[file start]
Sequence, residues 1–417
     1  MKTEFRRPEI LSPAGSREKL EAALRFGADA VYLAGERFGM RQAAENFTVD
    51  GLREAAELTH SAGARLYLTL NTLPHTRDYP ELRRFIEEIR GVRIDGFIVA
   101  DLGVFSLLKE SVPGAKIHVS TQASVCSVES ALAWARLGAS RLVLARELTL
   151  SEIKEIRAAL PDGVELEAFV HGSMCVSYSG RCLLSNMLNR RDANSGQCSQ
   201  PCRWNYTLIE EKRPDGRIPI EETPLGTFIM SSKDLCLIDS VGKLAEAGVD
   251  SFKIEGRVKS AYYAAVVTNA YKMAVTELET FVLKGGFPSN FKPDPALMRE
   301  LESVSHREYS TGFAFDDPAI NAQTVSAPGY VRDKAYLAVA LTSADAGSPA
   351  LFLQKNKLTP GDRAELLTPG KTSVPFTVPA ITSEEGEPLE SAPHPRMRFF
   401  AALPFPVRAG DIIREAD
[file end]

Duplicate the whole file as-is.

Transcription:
Sequence, residues 1–417
     1  MKTEFRRPEI LSPAGSREKL EAALRFGADA VYLAGERFGM RQAAENFTVD
    51  GLREAAELTH SAGARLYLTL NTLPHTRDYP ELRRFIEEIR GVRIDGFIVA
   101  DLGVFSLLKE SVPGAKIHVS TQASVCSVES ALAWARLGAS RLVLARELTL
   151  SEIKEIRAAL PDGVELEAFV HGSMCVSYSG RCLLSNMLNR RDANSGQCSQ
   201  PCRWNYTLIE EKRPDGRIPI EETPLGTFIM SSKDLCLIDS VGKLAEAGVD
   251  SFKIEGRVKS AYYAAVVTNA YKMAVTELET FVLKGGFPSN FKPDPALMRE
   301  LESVSHREYS TGFAFDDPAI NAQTVSAPGY VRDKAYLAVA LTSADAGSPA
   351  LFLQKNKLTP GDRAELLTPG KTSVPFTVPA ITSEEGEPLE SAPHPRMRFF
   401  AALPFPVRAG DIIREAD